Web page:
0
$\begingroup$

How can I evaluate the following integral? $$ \int\frac{\cos{x}}{1+\sin{2x}} dx $$

I tried the following way, but I was not able to proceed further: $$ \begin{gather} I&=\int\frac{\cos{x}}{\left(\sin{x}+\cos{x}\right)^2} dx\\ &= \int\frac{\sec{x}}{\left(1+\tan{x}\right)^2} dx \end{gather} $$

$\endgroup$
  • $\begingroup$ Hope you'll satisty with the solution. $\endgroup$ – Arpit Yadav Aug 12 '18 at 3:01
2
$\begingroup$

Hint:

Write numerator as $$2\cos x=\cos x+\sin x +(\cos x-\sin x)$$

$\endgroup$
0
$\begingroup$

Using lab bhattacharjee result,$$I=\int \frac{\cos x+ \sin x}{{(\cos x+ \sin x})^2}dx\space +\int \frac{\cos x-\sin x}{(\cos x+\sin x)^2}dx$$ $$I=I_1+I_2$$ $$I_1=\int \frac{1}{\cos x+\sin x}dx$$ $$I_1=\int\frac{1}{\sqrt2(\cos x\cdot\cos{\frac{\pi}{4}+\sin x\cdot \sin{\frac{\pi}{4}})}}dx$$ $$I_1=\int\frac{\sec(x-\pi/4)}{\sqrt2}dx$$ $$I_1=\frac{1}{\sqrt2}\cdot\ln[(\sec(x-\pi/4)+\tan(x-\pi/4)]+C_1$$ Now$$I_2=\int \frac{\cos x-\sin x}{(\cos x+\sin x)^2}dx$$ $$\sin x+\cos x=t\implies(\cos x-\sin x)dx=dt$$ $$I_2=\int\frac {1}{t^2}\space dt$$ $$I_2=-\frac{1}{t}+C_2=-\frac{1}{\sin x+\cos x}+C_2$$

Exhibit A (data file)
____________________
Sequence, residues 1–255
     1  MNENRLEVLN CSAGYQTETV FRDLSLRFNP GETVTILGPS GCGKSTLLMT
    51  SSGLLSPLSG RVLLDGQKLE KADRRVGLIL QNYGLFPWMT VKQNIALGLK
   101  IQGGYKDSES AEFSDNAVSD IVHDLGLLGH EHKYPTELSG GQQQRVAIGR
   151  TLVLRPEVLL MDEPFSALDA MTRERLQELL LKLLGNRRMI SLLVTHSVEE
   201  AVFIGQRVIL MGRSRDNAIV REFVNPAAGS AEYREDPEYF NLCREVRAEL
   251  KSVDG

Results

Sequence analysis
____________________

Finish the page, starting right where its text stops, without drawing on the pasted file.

$\endgroup$

Your Answer

By clicking “Post Your Answer”, you agree to our terms of service, privacy policy and cookie policy

Not the answer you're looking for? Browse other questions tagged or ask your own question.